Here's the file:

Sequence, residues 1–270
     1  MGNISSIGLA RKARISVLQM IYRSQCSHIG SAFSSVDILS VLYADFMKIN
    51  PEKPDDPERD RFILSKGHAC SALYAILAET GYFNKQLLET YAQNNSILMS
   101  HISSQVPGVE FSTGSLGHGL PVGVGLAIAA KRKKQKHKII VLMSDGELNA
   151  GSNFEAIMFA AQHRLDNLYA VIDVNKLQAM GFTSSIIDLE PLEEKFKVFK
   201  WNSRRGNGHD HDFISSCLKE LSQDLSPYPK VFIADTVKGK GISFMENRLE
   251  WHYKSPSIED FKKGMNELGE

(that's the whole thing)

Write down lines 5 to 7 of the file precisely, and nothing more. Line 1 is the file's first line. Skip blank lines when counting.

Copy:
   151  GSNFEAIMFA AQHRLDNLYA VIDVNKLQAM GFTSSIIDLE PLEEKFKVFK
   201  WNSRRGNGHD HDFISSCLKE LSQDLSPYPK VFIADTVKGK GISFMENRLE
   251  WHYKSPSIED FKKGMNELGE